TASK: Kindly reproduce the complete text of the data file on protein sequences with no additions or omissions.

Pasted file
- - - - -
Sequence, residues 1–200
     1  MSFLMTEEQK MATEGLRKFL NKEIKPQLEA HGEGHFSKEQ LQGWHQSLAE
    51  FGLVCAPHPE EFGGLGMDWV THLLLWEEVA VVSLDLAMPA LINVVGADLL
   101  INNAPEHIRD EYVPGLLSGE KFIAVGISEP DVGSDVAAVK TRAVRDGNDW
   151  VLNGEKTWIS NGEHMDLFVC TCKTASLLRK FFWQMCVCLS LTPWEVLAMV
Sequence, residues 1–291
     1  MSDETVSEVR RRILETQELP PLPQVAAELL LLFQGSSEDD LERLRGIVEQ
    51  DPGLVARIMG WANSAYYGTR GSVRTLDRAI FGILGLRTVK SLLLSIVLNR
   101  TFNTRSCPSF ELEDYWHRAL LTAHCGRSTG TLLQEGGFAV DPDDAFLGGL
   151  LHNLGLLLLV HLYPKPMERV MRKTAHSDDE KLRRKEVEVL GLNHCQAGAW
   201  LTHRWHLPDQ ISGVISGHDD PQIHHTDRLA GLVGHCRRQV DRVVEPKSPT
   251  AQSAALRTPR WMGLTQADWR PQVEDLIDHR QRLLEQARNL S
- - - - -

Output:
Sequence, residues 1–200
     1  MSFLMTEEQK MATEGLRKFL NKEIKPQLEA HGEGHFSKEQ LQGWHQSLAE
    51  FGLVCAPHPE EFGGLGMDWV THLLLWEEVA VVSLDLAMPA LINVVGADLL
   101  INNAPEHIRD EYVPGLLSGE KFIAVGISEP DVGSDVAAVK TRAVRDGNDW
   151  VLNGEKTWIS NGEHMDLFVC TCKTASLLRK FFWQMCVCLS LTPWEVLAMV
Sequence, residues 1–291
     1  MSDETVSEVR RRILETQELP PLPQVAAELL LLFQGSSEDD LERLRGIVEQ
    51  DPGLVARIMG WANSAYYGTR GSVRTLDRAI FGILGLRTVK SLLLSIVLNR
   101  TFNTRSCPSF ELEDYWHRAL LTAHCGRSTG TLLQEGGFAV DPDDAFLGGL
   151  LHNLGLLLLV HLYPKPMERV MRKTAHSDDE KLRRKEVEVL GLNHCQAGAW
   201  LTHRWHLPDQ ISGVISGHDD PQIHHTDRLA GLVGHCRRQV DRVVEPKSPT
   251  AQSAALRTPR WMGLTQADWR PQVEDLIDHR QRLLEQARNL S